This article includes a list of general references, but it remains largely unverified because it lacks sufficient corresponding inline citations. (April 2011)
Charter, also called air taxi or ad hoc flights require certification from the associated country's national aviation authority. The regulations are differentiated from typical commercial/passenger service by offering a non-scheduled service.
Analogous regulations generally also apply to air ambulance and cargo operators, which are often also ad hoc for-hire services.
In the U.S. these flights are regulated under FAA Part 135. There are some cases where a charter operator can sell scheduled flights, but only in limited quantities. As of 2021, the FAA had made it a priority to crack down on unauthorised charter flights, according to industry experts.
Types of service
There are several business models which offer air charter services from the traditional charter operator to brokers and jet card programs:
- Charter operators – certified by their associated government body such as the FAA for US carriers have legal authority to advertise and conduct flights for hire.
- Air charter broker – Charter brokers arrange flights on behalf of their clients, acting as "authorized agents".
- Jet card – Programs offered by both brokers and operators where a customer is offered a fixed hourly rate for a specific jet category and the broker or operator sources a jet from the available charter fleet.
- Online marketplace – Online booking platform where the client can choose and book the desired aircraft directly with the operator.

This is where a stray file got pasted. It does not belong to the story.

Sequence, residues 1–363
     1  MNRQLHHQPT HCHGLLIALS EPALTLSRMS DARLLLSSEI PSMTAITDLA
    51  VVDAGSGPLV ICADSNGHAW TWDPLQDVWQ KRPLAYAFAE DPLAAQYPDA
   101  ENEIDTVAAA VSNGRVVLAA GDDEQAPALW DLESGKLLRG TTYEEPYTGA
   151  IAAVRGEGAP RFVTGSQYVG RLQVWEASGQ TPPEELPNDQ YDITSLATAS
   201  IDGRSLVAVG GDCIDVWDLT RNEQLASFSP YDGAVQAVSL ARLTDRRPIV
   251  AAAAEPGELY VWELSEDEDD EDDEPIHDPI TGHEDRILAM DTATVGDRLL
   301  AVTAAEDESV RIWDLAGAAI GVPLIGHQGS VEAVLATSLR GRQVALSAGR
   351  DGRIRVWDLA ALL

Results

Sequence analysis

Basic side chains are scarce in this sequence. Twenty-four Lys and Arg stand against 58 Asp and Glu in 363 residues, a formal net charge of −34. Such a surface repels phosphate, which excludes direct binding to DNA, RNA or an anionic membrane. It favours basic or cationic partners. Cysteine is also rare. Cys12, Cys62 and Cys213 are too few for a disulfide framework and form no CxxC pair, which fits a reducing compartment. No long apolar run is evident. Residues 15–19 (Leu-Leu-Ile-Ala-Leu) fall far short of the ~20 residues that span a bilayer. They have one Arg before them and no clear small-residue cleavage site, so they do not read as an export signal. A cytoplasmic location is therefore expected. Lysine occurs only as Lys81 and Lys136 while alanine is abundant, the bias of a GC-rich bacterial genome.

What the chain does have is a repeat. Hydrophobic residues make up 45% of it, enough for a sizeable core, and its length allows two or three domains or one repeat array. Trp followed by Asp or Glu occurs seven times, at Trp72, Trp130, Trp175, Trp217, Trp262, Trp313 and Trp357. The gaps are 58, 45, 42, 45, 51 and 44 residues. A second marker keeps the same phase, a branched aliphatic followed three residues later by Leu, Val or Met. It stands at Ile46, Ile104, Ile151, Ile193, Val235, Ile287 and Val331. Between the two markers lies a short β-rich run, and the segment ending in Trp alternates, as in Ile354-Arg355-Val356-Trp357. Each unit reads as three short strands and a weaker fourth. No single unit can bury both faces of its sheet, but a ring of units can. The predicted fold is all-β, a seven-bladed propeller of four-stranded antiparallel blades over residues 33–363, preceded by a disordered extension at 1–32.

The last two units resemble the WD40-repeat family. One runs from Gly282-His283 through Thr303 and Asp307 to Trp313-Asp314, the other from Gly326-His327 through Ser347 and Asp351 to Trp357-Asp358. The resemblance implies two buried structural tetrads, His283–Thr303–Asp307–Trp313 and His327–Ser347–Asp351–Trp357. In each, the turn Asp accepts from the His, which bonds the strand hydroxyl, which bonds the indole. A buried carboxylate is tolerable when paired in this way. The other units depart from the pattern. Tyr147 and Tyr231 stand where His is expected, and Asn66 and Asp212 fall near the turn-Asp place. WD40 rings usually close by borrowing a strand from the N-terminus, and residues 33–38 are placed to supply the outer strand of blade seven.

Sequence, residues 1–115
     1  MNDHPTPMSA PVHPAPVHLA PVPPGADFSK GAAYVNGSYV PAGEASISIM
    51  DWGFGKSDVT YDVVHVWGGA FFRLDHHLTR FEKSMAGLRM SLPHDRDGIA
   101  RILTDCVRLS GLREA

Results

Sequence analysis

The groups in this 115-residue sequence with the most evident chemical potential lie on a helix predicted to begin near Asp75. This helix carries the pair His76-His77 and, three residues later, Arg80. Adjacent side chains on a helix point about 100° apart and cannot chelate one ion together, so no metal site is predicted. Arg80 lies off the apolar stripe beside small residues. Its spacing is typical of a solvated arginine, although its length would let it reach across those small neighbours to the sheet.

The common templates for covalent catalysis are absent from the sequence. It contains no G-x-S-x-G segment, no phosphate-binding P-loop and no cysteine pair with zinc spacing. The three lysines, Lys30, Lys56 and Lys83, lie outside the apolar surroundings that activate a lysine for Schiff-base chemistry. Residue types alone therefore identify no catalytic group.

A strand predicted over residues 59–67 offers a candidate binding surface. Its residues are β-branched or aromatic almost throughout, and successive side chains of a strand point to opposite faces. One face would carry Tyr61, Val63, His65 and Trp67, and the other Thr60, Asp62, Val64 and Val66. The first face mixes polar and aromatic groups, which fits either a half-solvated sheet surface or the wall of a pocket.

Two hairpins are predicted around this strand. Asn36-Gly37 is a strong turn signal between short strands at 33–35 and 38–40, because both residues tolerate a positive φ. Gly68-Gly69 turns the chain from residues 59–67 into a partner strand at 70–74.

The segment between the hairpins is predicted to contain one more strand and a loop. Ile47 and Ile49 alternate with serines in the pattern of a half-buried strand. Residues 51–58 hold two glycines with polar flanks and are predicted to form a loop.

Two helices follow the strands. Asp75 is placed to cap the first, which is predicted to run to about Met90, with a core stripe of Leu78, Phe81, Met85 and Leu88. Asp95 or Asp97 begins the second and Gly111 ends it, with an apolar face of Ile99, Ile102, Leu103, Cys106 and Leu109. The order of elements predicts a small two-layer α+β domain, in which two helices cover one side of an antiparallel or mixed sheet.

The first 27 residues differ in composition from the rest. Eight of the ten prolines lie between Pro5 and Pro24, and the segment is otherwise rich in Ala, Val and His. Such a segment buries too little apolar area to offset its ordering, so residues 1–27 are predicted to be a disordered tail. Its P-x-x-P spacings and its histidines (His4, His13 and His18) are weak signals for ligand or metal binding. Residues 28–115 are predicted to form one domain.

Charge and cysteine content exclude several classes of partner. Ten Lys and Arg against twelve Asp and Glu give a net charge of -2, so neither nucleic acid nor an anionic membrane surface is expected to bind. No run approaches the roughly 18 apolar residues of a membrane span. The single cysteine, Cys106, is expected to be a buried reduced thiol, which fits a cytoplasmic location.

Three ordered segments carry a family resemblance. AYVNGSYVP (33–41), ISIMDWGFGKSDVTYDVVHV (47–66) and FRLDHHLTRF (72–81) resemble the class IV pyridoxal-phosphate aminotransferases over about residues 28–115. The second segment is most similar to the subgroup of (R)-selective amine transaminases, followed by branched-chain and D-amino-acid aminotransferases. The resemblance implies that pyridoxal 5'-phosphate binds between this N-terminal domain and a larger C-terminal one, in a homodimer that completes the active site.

Charter aircraft categories include:
- Seaplanes – examples: DHC-2 Beaver, DHC-3 Otter
- Turbo props – examples: Pilatus PC-12, King Air 350, Piaggio P-180 Avanti
- Light jets – examples: Phenom 300, Citation CJ3
- Mid-cabin jets – examples: Learjet 60, Hawker 800XP
- Super mid-cabin jets – examples: Citation X, Challenger 300
- Large jets – examples: Bombardier Challenger 605, Falcon 900
- Ultra long-range jets – examples: Gulfstream V, Gulfstream G650, Dassault Falcon 7X
- VIP airliners – examples: Boeing Business Jet, Airbus Corporate Jets
There are an estimated 15,000 business jets available for charter in the world. The US market is the largest, followed by the European market with growing activity in the Middle East, Asia, and Central America.
- "FAA Part 135". FAA. Retrieved 10 August 2018.
- "NBAA Guide to Selling Charter by the Seat" (PDF). National Business Aviation Association. Archived from the original (PDF) on 10 August 2018. Retrieved 10 August 2018.
- Paul Egan (17 May 2021). "FAA: Company that flew Whitmer to Florida not authorized to operate charter flights". Detroit Free Press. Retrieved 19 May 2021.
if they are going to fly others for a fee they require a Part 135 certificate, Williams said. "It's pretty serious" in terms of potential civil penalties for both the company that owns the aircraft and the pilot, Williams said. The FAA has made cracking down on unauthorized charter flights a priority
- "Charter Marketplace App". jetandco.com. Retrieved October 2, 2019.
- Asp, Maria. "Private Jet Charter and Sales 2014". Sand Aviation Publishing. Retrieved 5 May 2015.
Media related to Charter airlines at Wikimedia Commons